Leaders who gathered in Doha to address the world's energy challenges at the 18th UN Framework Convention on Climate Change (COP 18) faced formidable challenges. Policy recommendations that ignored the larger interdependencies in the global energy supply chain were unlikely to make headway. Economists since the 1960s, for example, have said that if we just get energy prices right, the market will work its magic. But getting the prices right depends on getting the policies right. Policy, in turn, is constrained by the social and political realities of each national jurisdiction.

Like a door with multiple locks, a transition towards a more sustainable energy system is replete with complex interdependencies.

Where should leaders focus in order to unlock this complex challenge and moved forward to a new energy future? What can be done to accelerate progress? Do we need a revolutionary change that does away with fossil fuels, or can current energy system be made more sustainable without dramatic changes? What is the balance between national and local action and global agreements?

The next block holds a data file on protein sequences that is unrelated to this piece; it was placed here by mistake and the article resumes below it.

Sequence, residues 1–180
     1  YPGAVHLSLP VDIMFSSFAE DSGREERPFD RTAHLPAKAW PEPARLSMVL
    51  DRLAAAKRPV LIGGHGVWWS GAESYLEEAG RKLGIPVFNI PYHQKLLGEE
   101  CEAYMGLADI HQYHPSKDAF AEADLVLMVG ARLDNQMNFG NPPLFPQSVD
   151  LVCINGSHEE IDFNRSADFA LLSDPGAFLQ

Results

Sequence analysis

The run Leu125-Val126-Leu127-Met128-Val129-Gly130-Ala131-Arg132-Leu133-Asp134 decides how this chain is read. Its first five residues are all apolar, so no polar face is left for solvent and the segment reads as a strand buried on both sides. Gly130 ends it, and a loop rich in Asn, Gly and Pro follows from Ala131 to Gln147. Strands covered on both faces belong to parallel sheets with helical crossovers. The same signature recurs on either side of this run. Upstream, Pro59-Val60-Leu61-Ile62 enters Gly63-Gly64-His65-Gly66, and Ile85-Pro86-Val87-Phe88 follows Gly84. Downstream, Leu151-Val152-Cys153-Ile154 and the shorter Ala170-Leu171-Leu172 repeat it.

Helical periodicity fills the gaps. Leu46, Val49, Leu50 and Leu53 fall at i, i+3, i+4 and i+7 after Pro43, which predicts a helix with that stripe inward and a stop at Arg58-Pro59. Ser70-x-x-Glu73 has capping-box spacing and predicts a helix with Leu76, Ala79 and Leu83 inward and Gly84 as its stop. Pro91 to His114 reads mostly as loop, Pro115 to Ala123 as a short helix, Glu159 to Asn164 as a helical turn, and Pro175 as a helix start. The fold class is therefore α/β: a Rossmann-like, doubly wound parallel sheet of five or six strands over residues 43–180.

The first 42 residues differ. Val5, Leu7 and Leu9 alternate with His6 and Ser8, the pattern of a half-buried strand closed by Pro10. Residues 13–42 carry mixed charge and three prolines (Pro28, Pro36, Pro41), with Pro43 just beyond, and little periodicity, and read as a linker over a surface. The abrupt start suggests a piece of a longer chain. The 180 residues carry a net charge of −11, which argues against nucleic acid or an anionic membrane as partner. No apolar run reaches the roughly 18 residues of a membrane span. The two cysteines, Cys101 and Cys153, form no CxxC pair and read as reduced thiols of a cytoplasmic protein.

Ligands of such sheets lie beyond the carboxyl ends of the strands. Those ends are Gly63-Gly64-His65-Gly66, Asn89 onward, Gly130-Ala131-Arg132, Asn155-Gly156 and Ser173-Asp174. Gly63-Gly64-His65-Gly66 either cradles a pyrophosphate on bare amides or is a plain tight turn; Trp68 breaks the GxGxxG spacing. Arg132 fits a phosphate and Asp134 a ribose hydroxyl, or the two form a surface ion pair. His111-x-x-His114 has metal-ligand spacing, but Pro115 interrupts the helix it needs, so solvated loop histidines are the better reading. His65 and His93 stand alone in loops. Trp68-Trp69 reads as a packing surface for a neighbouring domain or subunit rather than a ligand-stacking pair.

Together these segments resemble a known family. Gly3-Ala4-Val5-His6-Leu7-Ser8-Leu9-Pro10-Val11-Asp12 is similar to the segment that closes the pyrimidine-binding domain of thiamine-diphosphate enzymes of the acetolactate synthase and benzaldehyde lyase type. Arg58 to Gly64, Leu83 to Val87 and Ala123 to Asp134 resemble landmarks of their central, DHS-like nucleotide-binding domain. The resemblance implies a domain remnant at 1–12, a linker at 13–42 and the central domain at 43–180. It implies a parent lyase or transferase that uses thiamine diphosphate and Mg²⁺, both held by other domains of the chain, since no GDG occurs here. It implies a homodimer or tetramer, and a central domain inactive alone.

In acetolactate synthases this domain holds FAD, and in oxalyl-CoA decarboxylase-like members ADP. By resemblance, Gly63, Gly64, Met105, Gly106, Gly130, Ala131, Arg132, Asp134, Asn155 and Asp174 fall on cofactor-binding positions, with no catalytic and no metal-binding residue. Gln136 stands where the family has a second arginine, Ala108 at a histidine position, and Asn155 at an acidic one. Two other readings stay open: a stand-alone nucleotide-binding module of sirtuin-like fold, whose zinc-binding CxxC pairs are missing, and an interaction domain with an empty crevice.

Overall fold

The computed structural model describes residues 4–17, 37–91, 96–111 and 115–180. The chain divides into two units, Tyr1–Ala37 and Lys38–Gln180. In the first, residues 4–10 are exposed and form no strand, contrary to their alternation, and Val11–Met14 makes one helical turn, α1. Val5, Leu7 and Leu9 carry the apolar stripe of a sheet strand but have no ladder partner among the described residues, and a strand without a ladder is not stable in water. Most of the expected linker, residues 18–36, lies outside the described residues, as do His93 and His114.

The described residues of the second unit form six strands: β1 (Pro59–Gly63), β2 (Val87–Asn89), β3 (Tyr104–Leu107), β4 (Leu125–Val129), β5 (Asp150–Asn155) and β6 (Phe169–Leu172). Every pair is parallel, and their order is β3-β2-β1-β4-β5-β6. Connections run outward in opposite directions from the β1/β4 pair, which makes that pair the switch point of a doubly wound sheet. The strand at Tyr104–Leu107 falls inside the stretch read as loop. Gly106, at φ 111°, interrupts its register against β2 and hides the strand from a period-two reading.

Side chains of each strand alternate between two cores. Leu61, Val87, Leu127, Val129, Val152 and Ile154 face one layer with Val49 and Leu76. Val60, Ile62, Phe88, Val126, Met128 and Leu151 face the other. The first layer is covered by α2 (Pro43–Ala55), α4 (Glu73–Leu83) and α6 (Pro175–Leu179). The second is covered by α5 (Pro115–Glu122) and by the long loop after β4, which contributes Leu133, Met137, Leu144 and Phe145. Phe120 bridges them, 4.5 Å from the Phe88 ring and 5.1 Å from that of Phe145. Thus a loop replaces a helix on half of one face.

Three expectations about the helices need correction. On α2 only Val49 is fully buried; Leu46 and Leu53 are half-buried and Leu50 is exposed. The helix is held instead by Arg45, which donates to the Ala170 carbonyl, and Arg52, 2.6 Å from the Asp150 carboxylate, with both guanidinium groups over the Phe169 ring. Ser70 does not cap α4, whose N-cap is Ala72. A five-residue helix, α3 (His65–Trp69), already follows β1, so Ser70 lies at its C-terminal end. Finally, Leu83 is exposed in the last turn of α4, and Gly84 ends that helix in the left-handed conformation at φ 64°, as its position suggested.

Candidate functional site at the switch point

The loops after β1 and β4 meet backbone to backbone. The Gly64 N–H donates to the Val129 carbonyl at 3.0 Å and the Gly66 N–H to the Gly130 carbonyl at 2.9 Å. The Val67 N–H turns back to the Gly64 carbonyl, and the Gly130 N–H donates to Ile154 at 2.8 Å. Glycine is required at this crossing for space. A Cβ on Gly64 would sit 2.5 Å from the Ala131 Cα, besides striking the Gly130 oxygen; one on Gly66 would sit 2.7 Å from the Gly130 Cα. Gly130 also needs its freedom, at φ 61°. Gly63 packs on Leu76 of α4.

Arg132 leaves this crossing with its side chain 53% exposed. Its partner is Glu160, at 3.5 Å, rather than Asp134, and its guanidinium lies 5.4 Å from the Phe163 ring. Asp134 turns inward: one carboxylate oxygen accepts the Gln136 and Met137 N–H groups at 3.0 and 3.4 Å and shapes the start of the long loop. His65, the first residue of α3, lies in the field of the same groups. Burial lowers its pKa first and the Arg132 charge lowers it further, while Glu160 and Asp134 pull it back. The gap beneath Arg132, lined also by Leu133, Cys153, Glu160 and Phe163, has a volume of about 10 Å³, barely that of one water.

On December 6, Harvard Business Review hosted an interactive webinar, broadcast live from Doha, in partnership with Future Influencers, an exclusive think tank working group enabling high-level discussions and collaborations on sustainability topics.

Participants included:

  • Barbara Kux, Member of the Managing Board of Siemens, Head of Supply Chain Management and Chief Sustainability Officer, Siemens AG
  • Jennifer Morgan, Director of the Climate and Energy Program, World Resource Institute
  • Gregory C. Unruh, Ph.D., Director, The Lincoln Center for Ethics in Global Management. Thunderbird School of Global Management
  • Future influencers: Gatien Bon, Anna Leidereiter, and Kali Taylor